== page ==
The rock that burns: Is Utah about to see oil shale bonanza?
Vernal • The gash in the hillside recedes from a dusty road in 20-foot steps, revealing a towering bounty of hydrocarbons embedded in stone deposited 50 million years ago when algae-filled Lake Uinta covered northeastern Utah.
Mining engineer Ben France of Enefit American Oil points out black streaks undulating horizontally across the walls of his "box cut" into what geologists call "the mahogany zone," dark rock rich in kerogen, a precursor to liquid petroleum locked in shale.
People have squeezed oil from Western shale since the early 20th century, but it has yet to flow in commercial quantities despite untold millions spent on research and failed operations. Now, Enefit and another Utah operator called Red Leaf Resources, using a much different process, seek to bring industrial-scale development to a petroleum resource believed to dwarf Saudi Arabia's reserves.
"There are a lot of different layers in here of different grades," says France, who supervised the excavation 40 miles southeast of Vernal to test the ore in proprietary "retort" process used for years by Enefit's Estonian parent company.
France breaks some shale apart and the pieces emit the odor of petroleum, a potentially lucrative smell that has been breaking the hearts of prospectors for decades.
The 60-foot seam Enefit is targeting will yield 27 gallons of oil per ton of ore, according to CEO Rikki Hrenko. In other words, the company is hoping to extract two-thirds of a barrel from every cubic yard of ore it plans to strip mine on the private portion of its holdings. By the 2020s, Enefit hopes to be shipping 50,000 barrels of sweet crude to Salt Lake City-area refineries each day.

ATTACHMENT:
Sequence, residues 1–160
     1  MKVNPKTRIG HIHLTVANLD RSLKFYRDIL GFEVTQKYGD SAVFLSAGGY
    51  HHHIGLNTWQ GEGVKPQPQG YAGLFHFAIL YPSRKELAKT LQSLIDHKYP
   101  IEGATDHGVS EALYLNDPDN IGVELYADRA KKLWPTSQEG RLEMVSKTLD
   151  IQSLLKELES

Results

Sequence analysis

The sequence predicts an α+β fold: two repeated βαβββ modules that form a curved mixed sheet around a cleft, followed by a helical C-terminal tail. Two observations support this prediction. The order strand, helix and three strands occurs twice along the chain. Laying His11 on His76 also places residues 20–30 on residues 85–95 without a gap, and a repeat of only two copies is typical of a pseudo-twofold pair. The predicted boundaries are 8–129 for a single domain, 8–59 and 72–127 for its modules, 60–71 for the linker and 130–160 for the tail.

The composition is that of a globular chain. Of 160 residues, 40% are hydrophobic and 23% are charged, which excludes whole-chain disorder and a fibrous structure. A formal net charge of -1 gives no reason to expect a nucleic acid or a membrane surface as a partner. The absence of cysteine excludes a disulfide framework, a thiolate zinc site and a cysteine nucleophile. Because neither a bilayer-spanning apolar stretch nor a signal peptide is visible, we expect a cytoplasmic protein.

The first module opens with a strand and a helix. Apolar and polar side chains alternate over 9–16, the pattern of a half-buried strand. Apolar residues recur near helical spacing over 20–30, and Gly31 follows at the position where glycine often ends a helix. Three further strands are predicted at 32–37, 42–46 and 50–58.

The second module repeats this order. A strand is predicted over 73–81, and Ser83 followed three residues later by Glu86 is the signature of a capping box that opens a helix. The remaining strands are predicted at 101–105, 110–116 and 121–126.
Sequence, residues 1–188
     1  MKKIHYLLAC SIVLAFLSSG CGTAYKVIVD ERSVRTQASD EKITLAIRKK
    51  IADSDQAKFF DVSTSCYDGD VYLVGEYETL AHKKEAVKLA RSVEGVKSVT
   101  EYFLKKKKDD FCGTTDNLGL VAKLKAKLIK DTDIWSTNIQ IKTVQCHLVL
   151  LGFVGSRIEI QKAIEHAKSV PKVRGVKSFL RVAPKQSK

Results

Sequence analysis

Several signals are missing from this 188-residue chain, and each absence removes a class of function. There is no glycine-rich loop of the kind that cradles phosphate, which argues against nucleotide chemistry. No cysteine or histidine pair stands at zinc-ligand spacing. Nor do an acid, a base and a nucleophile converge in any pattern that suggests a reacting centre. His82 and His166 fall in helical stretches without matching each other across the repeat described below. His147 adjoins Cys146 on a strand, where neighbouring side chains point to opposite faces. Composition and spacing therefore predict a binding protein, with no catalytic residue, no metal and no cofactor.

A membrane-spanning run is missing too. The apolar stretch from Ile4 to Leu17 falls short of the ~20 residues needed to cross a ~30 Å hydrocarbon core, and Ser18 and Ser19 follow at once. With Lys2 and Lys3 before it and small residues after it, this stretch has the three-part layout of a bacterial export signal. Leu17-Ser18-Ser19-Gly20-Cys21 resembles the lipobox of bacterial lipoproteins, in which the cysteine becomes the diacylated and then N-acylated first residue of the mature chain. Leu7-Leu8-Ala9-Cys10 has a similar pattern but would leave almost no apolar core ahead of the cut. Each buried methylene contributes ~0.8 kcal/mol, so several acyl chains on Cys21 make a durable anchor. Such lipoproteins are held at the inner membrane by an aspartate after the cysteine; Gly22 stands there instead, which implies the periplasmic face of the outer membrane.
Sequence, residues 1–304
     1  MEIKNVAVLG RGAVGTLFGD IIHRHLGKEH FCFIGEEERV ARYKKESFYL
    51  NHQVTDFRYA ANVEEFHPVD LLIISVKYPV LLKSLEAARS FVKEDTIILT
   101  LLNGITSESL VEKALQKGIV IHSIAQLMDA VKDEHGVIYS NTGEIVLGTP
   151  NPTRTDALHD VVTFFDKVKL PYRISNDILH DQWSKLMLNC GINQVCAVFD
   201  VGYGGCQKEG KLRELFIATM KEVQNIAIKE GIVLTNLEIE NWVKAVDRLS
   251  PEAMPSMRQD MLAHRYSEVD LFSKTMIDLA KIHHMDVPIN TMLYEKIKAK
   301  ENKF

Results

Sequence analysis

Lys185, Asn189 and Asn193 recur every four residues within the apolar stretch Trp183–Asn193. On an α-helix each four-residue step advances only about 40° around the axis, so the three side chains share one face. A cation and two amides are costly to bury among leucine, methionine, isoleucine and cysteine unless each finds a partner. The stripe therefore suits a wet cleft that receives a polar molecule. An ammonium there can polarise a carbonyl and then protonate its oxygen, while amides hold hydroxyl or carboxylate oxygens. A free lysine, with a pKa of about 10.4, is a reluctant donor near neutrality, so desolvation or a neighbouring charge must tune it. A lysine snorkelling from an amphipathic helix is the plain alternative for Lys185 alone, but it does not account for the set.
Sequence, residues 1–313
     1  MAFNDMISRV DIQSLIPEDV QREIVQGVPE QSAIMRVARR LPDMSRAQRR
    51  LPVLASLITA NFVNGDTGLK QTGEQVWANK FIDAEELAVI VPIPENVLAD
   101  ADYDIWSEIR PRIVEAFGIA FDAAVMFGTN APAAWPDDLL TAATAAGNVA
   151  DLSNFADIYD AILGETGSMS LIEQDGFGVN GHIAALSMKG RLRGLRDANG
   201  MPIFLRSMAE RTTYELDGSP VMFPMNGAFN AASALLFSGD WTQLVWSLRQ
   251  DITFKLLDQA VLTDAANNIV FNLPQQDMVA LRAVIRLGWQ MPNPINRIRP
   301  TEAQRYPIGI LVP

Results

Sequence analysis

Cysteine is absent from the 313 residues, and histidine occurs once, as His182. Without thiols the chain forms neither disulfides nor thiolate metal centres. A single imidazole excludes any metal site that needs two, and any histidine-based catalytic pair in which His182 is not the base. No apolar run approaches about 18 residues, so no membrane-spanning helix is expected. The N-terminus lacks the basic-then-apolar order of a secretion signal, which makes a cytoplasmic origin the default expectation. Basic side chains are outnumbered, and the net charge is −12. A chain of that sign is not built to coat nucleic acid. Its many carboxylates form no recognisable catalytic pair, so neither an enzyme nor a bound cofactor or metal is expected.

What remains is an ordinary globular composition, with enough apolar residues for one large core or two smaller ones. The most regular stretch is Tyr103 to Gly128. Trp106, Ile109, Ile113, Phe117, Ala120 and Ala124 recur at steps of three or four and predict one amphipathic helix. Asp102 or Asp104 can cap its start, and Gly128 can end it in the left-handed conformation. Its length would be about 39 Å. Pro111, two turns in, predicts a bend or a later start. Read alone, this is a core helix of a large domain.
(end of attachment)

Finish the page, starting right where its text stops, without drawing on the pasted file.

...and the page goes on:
Billions of barrels • Nearly three-fourths of the world's kerogen-bearing shales occurs in the United States. Most of it is in the Green River Formation under northeastern Utah and neighboring territory in Wyoming and Colorado, deposited during the Eocene when vast lakes covered the region. Algae settled to the lake beds, blended with sediments, and transformed into kerogen, an "immature" hydrocarbon that becomes oil when heated.
The federal government estimates these deposits represent more than 4 trillion barrels of oil and about 800 billion are technically recoverable more than triple Saudi reserves. There is enough kerogen in Uinta Basin's shale to fill 1.32 trillion barrels. According to the Utah Geological Survey, however, "only" 77 billion barrels are economically recoverable, or enough to satisfy national demand for 11 years at current rates of consumption.
While environmentalists deride oil shale as "dirty fuel," Utah's political leadership is eager to tap it.
"It will be very good for the state. They [Enefit officials] are talking about 2,000 direct jobs," says Uintah County Commissioner Mike McKee. "When you are in mining, these become more permanent jobs. They are good-paying jobs. And you get a multiplier effect. Look at what those revenues and severance taxes can do for education and balancing the state budget."
Environmental issues • Arguing Utah shale cannot be developed without devastating impacts on the landscape and choking the Uinta Basin's already-compromised airshed, environmentalists hope to kill this industry before it gets a chance to mature.
Unlike conventional oil, shale must be mined, crushed and processed, then upgraded further before it can be shipped and refined. That consumes too much energy and water, critics say.
"With commercial-scale development we are talking strip mining some of Utah's best backcountry and hunting grounds. It's committing to a final land use. It doesn't bode well for future generations," says Taylor McKinnon, energy director for the Grand Canyon Trust. "We foresee a need to transfer water rights from agriculture to this industry."